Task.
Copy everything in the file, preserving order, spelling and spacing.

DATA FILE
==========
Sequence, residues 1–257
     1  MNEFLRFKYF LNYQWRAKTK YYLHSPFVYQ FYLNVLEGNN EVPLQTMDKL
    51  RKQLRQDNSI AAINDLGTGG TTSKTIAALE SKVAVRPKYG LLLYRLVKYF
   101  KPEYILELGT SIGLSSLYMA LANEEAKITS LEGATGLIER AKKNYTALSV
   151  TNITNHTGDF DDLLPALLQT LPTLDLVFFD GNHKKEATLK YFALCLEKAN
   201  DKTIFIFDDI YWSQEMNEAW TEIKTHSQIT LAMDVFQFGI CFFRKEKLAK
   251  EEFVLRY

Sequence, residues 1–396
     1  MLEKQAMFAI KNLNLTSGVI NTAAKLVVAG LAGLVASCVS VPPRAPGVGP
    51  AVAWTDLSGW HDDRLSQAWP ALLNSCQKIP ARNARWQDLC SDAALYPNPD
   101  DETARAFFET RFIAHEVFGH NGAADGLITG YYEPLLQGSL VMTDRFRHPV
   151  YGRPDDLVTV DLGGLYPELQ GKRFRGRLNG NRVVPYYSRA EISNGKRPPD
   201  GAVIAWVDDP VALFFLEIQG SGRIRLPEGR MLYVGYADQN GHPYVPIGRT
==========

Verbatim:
Sequence, residues 1–257
     1  MNEFLRFKYF LNYQWRAKTK YYLHSPFVYQ FYLNVLEGNN EVPLQTMDKL
    51  RKQLRQDNSI AAINDLGTGG TTSKTIAALE SKVAVRPKYG LLLYRLVKYF
   101  KPEYILELGT SIGLSSLYMA LANEEAKITS LEGATGLIER AKKNYTALSV
   151  TNITNHTGDF DDLLPALLQT LPTLDLVFFD GNHKKEATLK YFALCLEKAN
   201  DKTIFIFDDI YWSQEMNEAW TEIKTHSQIT LAMDVFQFGI CFFRKEKLAK
   251  EEFVLRY

Sequence, residues 1–396
     1  MLEKQAMFAI KNLNLTSGVI NTAAKLVVAG LAGLVASCVS VPPRAPGVGP
    51  AVAWTDLSGW HDDRLSQAWP ALLNSCQKIP ARNARWQDLC SDAALYPNPD
   101  DETARAFFET RFIAHEVFGH NGAADGLITG YYEPLLQGSL VMTDRFRHPV
   151  YGRPDDLVTV DLGGLYPELQ GKRFRGRLNG NRVVPYYSRA EISNGKRPPD
   201  GAVIAWVDDP VALFFLEIQG SGRIRLPEGR MLYVGYADQN GHPYVPIGRT